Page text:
In Part 1, I talked generally about how to deal with tricky fabrics: what kind of things you need to think about, and how. Here, in Part 2, I’ll give tips for dealing with specific tricky fabrics.
Tips & Techniques
Here are all the technique posts from Sewing Spark.
Techniques & Tools
Last year I did a string of posts on appliquéing, and I promised some tips for dealing with tricky fabrics. So far I’ve demonstrated all my appliqué techniques with cotton fabrics – a nice robust cotton drill in the background and stable, well-behaved quilting cottons for the appliqué shapes.
But there are times when for example you want to appliqué onto a stretch jersey T-shirt, or when your appliqué design is crying out for a bit of sparkly organza for maximum fairy effect.
I started off writing this post, and it just grew and grew! So I’ve cut it into two parts. This is Part 1, where I talk generally about how to deal with tricky fabrics. In Part 2, I’ll give tips for dealing with specific tricky fabrics.
I was working on an up-coming project and needed to cut out a whole load of felt circles to make eyes. This can get fiddly, so I thought I’d share my favourite method for cutting tiny circles like this. It works for circles around 1/2 inch or less – anything larger and you can use this as a starting point, but you’ll need smooth off the edges more.
Last year, I made a series of advent tree Christmas decorations, with different ideas for decorating the trees (you can see all the different versions at the end of this post). I thought it was time to update it, and add another variation. This year, it’s time to look at using some of those gorgeous ribbons and trims you’ve got stashed away.
There’s no real technique to learn here – we’re just going to be picking out ribbons and sewing them onto the tree. Since it depends so much on the ribbons you have available, everyone’s tree will look different, so as well as showing you mine, I’ll add a few tips on choosing ribbons to make your own.
All but the simplest of applique designs use multiple pieces to build up the design. The most common design is to apply fabric shapes in layers, so pieces overlap those below.
In this post I’ll talk about some of the things to think about when appliqueing with multiple fabrics, and in particular when trying to layer them.
But first, I’ll just explain what I mean by layering fabrics, and how that differs from building a design in separate pieces.
Pressing on with my appliqué series, today I want to look at different ways of finishing the edges.
So far I’ve talked mostly about the fusible web method of appliqué but there are times when you might want or need something different.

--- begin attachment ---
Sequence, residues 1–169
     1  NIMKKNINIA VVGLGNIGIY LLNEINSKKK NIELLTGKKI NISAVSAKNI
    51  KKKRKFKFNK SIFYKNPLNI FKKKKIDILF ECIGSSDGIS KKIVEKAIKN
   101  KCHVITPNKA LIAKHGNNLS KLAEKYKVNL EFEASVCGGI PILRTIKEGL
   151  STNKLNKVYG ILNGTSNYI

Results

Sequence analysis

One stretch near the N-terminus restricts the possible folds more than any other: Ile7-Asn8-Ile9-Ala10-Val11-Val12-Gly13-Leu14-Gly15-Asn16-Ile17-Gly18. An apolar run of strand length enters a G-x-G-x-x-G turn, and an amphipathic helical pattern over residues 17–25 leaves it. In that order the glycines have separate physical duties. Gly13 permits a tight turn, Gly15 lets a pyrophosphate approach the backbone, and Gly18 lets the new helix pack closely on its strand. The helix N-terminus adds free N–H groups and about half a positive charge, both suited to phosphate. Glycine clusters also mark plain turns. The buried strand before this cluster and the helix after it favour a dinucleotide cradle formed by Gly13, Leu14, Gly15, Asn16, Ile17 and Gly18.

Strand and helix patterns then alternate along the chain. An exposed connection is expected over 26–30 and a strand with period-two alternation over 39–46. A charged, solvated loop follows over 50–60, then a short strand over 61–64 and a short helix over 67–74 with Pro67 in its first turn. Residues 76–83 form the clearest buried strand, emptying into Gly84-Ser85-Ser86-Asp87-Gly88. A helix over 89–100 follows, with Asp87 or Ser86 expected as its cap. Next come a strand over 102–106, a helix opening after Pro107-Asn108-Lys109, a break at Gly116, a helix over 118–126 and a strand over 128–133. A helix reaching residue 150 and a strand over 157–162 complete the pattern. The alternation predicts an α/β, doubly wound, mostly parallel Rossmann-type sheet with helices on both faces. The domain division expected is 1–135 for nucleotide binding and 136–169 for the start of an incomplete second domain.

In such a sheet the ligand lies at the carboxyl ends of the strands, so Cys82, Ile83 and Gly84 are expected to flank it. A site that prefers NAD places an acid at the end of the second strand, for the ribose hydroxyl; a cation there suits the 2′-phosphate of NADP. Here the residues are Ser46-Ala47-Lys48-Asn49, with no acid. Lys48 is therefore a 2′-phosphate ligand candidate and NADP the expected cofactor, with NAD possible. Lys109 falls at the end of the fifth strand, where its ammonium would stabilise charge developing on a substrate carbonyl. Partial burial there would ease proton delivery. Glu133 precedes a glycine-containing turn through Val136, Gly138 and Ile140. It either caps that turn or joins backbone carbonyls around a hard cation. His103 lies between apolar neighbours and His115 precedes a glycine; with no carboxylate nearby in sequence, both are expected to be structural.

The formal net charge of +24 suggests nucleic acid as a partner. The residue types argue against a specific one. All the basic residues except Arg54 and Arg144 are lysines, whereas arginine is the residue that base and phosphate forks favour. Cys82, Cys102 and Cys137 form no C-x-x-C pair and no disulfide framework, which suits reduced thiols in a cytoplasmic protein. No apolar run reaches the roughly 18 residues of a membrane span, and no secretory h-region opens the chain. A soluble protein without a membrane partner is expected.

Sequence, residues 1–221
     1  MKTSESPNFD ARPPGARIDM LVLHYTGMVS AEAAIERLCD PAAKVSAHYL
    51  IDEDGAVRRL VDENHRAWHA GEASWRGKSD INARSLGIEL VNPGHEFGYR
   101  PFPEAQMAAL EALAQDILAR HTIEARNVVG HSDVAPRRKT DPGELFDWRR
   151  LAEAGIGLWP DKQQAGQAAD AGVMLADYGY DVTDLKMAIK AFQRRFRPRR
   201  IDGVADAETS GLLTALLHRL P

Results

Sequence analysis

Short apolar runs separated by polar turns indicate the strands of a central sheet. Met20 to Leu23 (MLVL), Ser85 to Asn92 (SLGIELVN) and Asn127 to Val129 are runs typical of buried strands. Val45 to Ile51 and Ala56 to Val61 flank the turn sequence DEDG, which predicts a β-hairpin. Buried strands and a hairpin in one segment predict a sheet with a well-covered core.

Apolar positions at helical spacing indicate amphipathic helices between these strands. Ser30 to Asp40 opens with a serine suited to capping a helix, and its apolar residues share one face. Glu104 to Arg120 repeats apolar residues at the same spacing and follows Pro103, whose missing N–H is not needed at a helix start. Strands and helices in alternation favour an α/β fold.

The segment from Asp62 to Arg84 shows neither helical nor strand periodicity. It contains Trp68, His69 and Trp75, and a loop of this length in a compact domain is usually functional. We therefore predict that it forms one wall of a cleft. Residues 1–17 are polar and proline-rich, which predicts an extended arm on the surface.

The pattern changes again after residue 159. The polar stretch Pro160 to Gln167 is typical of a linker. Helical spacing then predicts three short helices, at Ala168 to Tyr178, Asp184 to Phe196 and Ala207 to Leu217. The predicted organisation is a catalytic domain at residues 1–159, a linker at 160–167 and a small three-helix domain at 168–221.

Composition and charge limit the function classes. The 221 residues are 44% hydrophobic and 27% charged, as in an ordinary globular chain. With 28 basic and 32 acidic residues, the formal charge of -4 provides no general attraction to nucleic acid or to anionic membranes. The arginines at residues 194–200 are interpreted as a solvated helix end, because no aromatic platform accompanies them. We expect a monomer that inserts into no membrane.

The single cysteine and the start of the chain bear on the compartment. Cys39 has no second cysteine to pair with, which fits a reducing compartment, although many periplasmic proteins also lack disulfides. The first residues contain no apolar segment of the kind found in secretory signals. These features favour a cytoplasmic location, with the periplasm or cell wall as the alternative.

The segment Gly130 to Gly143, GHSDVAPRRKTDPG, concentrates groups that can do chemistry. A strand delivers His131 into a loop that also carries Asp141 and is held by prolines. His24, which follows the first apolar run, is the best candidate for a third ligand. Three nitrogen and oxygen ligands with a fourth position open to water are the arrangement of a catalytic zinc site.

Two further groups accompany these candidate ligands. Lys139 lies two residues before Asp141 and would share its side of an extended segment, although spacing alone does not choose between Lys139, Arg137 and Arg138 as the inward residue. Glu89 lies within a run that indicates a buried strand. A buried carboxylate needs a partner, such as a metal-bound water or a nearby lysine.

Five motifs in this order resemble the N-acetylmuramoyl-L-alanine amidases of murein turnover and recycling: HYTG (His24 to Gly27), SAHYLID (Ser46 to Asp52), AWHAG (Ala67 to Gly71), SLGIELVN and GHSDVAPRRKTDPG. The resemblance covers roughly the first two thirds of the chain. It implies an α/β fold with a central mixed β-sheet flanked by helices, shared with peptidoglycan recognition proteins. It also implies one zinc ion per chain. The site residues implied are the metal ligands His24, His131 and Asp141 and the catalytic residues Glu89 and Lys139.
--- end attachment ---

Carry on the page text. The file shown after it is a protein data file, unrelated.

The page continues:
Since I’m not an expert on some of these (mostly I stick to the fusible web method) I’m going to link to some tutorials on how to do them, and concentrate instead on comparing them. Specifically:
- How easy they are to do?
- How long do they take?
- Which aspects are tricky?
- Generally, when would they work well?
A couple of weeks ago, I posted an introductory tutorial on how to appliqué. I went over the basic technique, which you can find all over the internet, but I wanted to spend some time looking in a bit more detail at some of the more troublesome areas.
One thing you might run into trouble with is in sewing smoothly when appliquéing round curves and corners. So I spent some time running up some samples and exploring how best to sew round those awkward shapes.
But for the 10% of people who are still with me – let’s talk scissors. Specifically, that thing you’ve read not to do but do anyway – cutting with right-handed scissors. Although I’m thinking mainly of sewing scissors here, everything applies to other types of scissors too.
You’ve probably read that the best thing to do is to always use special left-handed scissors. They’re properly designed for left-handed use, they’re more comfortable and they’re easier to use.
It makes sense – if you’re left-handed, you should choose left-handed scissors. So why do us lefties spend so much of our time trying to cut things with normal right-handed scissors?!
Appliqué is a great way to add a personal touch to loads of items, transforming them from everyday into something more special. I like to use it a lot, both to adapt things I make and in my patterns – it’s a great way to add details.
This post is a tutorial for the basic method of machine appliqué using fusible web. In subsequent posts I’ll be focusing on more of the details, such as sewing round curves and using fancy fabrics. I’ll also be posting some free appliqué designs for you to play with, starting with a selection of hearts in different sizes.
There are a number of different types of appliqué; this introductory tutorial will look at raw edge appliqué with fused edges using fusible web, and sewn by machine. You can use this method to appliqué by hand as well, although you might prefer to use a method that finishes the raw edges better.
I’ve been building up to this one, because it’s the first time in this series that I’ve tackled something I find a bit daunting. While I’ve done some free motion embroidery before, I’m certainly no expert, and to be honest I’ve been feeling a bit nervous at the prospect of displaying my less-than-perfect skills on this blog for all to see.
But the point about this series is to try to convince you to try something different, and give things a go even if you’re not an expert. And I can’t advocate that if I’m not prepared to do it myself. So here goes, warts and all – free motion embroidery by someone who is not an expert.